Parallel Programming

Parallel, concurrent and distributed

The nomenclature around high-performance computing is a bit confusing, lets clear that first.

The easiest concept to grasp is distributed computing: this is normally applied to to an environment composed of many physical computers like in a compute cluster.

Parallel computing is when you run pieces of code simultaneously. For example when you have several processes running on different computers (in a distributed system). Of course you can also have parallel computing on a single computer, for example by starting multiple processes at the same time in a computer with multi-processing capabilities (in practice all modern computers)

Concurrency is when you split computation in chunks that can be executed in any particular order (or, at least some units can). Concurrency says nothing about how the computation will actually occur. So you can divide your code in bits that can be executed in parallel, but the underlying platform might end up running everything sequentially. This is fundamental in Python as you will see.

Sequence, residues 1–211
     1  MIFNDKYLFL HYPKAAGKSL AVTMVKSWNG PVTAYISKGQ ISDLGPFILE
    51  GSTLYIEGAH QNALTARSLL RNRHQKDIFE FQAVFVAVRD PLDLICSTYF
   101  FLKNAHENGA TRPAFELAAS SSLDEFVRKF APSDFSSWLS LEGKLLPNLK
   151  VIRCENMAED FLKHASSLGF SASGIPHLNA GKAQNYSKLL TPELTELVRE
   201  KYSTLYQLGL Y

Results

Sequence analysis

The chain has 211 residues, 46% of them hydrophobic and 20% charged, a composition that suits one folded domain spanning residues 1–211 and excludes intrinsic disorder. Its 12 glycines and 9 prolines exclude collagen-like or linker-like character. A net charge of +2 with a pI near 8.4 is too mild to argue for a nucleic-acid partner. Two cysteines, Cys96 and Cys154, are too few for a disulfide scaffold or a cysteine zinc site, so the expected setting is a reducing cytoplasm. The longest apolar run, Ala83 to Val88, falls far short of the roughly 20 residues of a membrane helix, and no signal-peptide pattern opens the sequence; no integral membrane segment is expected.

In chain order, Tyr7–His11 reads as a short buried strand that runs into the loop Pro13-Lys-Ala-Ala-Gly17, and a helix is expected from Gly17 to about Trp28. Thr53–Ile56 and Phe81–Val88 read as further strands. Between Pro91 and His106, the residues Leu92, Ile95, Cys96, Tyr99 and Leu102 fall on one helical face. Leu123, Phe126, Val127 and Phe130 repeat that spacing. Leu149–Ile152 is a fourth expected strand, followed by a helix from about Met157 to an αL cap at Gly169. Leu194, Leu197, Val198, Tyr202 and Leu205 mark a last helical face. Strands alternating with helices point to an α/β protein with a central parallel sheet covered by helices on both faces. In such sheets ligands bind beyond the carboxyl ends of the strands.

I called this chapter Parallel Progamming because that is what we are trying to do: speeding up computation via simultaneous execution, which is achieved by parallelism. Now,you will have to design your code that can handle concurrency, and you might want run it on a distrubuted system (the majority of our code was actually developed and run on a single computer).

Pythonic issues

GIL

asyncio

Threads, cores, processors, granularity, ...

The notion of thread can vary quite a bit (it has a hardware version and several software ones). The same with the relationship between (hardware) thread, core. And core and processor.

We will not go into details here, as I believe that above explanation is enough for our purposes. But be aware that this story is not finished.

We will address the issue of computation granularity (and inter-process communication) in later chapters and in a very practical, hands-on way.